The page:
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  1. #1
    I should be studying...
    Reputation: frank daleview's Avatar
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    Crank Bros Cobalt SL

    I was looking at the design spec of these cranks only to realize that they are very different from all the other high end cranks on the market. They bond high grade aluminum to stainless steel to achieve their hollow design. It would seem to me that if anything, this would result in failure points (the bonding between the aluminum & steel) and a flexier (using thin stainless steel rather than aluminum), rather than a stiffer crank. Has anyone used these, what did you think?
    Formerly known as iceaxe

  2. #2
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    Reputation: crank1979's Avatar
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    From Mountain Biking Australia Nov/Dec/Jan 07/08 issue carrying over from the previous two issues.

    ...we had some real issues with multiple failures in testing.At eht time of writing the review we had two left hand cranks fail when the bonding let go. Crank Brothers blamed this on 'early production problems'... We were then given a third pair to test from much later in the production line (around 7,000 cranks produced)... Well sure enough the third set broike in the same manner...

    With this, Crank Brothers went back to the drawing board and reviewed their quality control testing... Crank set number four was newer again; the serial number indicated that they were around the 13,000th crank to roll off the production line.

    I have ridden the latest version for four months and they have not failed. However they have developed the same 'click' under load. {my edit - the 'click' noise was mentioned in previous issues}... we don't know whether it has any connection to the bonding failures. Even if it has no connection, it is disconcerting that a $968 crank set should 'click'.

    ... With these issues the Australian Crank Brothers importer, Dirt Works, has decided not to sell the Cobalt cranks - they just don't want to take the risk... The latest quality controls implemented by Crank Brothers may have done the trick but i personally wouldn't trust them after what i have experienced.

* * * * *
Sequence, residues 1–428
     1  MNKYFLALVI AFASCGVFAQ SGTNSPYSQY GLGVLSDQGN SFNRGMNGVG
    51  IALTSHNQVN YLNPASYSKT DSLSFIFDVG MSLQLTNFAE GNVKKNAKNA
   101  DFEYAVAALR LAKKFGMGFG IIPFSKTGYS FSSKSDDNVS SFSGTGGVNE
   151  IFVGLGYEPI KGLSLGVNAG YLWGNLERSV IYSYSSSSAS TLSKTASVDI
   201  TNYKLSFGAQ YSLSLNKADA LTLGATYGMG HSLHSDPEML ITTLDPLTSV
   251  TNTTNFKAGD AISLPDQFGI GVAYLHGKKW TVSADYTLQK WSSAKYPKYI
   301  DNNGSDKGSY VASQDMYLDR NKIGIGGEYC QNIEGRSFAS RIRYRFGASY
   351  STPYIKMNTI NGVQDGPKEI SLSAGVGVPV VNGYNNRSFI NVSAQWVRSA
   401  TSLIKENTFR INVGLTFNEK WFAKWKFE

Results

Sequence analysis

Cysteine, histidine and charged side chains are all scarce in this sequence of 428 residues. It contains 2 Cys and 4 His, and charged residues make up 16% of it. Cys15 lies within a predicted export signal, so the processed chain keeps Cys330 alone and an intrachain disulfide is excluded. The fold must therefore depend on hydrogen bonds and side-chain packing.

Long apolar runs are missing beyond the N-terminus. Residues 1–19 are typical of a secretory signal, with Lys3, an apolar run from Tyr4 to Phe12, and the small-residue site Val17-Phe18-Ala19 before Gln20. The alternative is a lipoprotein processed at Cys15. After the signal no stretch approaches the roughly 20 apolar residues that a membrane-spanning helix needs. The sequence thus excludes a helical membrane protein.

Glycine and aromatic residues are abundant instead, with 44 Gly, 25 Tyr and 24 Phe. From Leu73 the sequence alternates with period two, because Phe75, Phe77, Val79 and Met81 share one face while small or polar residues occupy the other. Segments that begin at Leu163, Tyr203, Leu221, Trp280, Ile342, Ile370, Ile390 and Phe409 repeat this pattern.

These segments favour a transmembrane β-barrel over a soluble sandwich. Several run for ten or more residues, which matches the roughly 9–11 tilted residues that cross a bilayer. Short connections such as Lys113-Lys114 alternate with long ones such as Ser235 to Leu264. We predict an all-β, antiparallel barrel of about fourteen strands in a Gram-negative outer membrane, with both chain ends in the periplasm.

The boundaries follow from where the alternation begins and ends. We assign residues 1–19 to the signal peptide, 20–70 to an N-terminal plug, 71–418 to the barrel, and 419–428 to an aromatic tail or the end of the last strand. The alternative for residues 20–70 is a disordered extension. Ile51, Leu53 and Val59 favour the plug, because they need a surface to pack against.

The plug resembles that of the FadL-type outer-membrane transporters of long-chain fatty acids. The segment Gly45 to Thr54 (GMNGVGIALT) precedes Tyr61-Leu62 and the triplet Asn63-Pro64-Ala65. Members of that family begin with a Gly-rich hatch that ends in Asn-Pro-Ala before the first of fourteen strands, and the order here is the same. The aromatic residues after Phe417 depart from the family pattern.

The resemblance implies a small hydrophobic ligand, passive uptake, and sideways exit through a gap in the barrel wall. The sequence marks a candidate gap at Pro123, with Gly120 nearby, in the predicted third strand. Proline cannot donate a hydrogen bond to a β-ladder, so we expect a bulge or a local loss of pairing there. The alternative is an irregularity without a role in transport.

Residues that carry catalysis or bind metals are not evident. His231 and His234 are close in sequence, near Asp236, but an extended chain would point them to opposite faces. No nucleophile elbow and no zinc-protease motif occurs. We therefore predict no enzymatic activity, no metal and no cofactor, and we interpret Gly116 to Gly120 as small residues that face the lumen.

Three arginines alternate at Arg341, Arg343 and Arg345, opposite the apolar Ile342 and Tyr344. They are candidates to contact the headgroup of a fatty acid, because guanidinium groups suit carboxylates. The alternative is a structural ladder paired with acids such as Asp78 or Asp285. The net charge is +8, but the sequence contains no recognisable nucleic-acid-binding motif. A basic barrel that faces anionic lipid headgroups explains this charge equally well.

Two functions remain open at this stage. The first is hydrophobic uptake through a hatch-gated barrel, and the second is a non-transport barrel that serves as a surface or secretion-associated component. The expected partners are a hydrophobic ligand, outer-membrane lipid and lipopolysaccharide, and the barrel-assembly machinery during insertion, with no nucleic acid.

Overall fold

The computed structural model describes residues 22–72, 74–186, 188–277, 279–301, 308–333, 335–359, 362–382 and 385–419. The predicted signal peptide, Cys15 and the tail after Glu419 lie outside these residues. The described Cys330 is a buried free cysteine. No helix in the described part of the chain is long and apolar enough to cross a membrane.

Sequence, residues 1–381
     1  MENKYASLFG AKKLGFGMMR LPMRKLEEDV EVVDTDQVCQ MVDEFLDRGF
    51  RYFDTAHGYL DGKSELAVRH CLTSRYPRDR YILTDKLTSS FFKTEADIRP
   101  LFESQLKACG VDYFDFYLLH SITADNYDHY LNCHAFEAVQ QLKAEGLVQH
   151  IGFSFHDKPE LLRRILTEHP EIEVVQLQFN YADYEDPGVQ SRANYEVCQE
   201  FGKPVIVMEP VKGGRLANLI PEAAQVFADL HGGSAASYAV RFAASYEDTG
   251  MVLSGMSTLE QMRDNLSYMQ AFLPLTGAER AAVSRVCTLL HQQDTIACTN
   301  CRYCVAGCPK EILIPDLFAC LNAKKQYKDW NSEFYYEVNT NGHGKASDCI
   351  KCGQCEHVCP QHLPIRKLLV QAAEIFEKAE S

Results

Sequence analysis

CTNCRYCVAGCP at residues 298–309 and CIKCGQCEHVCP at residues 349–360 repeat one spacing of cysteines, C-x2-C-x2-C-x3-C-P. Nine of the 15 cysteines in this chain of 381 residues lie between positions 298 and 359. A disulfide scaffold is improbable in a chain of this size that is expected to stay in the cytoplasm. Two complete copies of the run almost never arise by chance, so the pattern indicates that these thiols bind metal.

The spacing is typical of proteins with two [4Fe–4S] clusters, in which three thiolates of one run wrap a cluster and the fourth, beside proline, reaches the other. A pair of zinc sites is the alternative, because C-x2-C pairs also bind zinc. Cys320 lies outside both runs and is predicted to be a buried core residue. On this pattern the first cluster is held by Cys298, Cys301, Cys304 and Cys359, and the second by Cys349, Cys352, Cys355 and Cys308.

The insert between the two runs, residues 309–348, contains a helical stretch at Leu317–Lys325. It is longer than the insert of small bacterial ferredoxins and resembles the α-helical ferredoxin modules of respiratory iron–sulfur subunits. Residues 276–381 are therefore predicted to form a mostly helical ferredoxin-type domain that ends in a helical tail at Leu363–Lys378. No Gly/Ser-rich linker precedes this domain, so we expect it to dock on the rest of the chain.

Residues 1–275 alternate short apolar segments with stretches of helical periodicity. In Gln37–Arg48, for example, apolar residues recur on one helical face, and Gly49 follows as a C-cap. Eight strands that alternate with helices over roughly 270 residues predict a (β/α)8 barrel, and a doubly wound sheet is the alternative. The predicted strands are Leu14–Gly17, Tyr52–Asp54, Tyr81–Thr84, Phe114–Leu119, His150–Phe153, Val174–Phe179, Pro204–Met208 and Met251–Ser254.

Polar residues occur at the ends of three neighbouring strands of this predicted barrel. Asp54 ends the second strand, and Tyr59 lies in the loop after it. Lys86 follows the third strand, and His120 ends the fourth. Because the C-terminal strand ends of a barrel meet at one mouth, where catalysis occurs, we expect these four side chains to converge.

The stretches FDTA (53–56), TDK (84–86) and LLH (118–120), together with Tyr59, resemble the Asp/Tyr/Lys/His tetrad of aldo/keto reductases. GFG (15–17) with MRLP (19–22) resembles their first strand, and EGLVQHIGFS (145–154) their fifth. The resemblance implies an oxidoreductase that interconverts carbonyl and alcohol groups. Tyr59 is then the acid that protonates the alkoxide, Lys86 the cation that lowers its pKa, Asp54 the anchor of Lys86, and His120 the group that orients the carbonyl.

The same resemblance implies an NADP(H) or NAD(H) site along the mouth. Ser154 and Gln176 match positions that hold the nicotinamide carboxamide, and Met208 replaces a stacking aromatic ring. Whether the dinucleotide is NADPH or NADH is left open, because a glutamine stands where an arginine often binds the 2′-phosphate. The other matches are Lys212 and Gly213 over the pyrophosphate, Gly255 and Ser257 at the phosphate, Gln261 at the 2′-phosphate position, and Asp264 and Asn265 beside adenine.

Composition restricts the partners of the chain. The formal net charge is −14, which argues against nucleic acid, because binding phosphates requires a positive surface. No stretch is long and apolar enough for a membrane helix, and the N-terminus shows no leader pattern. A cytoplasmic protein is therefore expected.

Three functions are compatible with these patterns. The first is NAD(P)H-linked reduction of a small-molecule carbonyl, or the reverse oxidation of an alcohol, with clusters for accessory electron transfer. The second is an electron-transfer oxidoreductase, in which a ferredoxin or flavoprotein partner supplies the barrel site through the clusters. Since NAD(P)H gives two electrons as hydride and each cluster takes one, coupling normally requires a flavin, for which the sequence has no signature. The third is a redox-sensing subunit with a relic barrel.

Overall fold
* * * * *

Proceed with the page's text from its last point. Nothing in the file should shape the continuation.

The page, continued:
The article is not by me, but John Hardwick, MBA editor.

    Hope that helps.

  3. #3
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    Reputation: rockman's Avatar
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    I'm on my second set of the isis version. They seem plenty stiff to me but I bent the drive side crank (twisted arm towards the pedal) after 300 miles or so. I'm on a 5" travel bike and weigh 205#. Small jumps and dropoffs but nothing too agro. CB replaced them without question and I had a new pair at my house in less than a week. 600 miles or so and no problems but I haven't checked the serial numbers to see where they fall in the production line.

    On another note, if you use them with a different isis bb like FSA you'll need to take the dust caps/self extracting deal off in order to use the m14 bolts. CB uses M15. I might have this backward. Anyway, it was no small deal to get those suckers off with a spanner wrench (or even a combination of two spanners and two sets of hands) and I ended up with the cranks in a vice and hammered them off with a punch. CB sent me new caps in the mail as well as replacement m14 bolts if I wanted to use them, again no questions asked. They have a special tool for the job but perhaps the ones I had got torqued a little to much at the factory.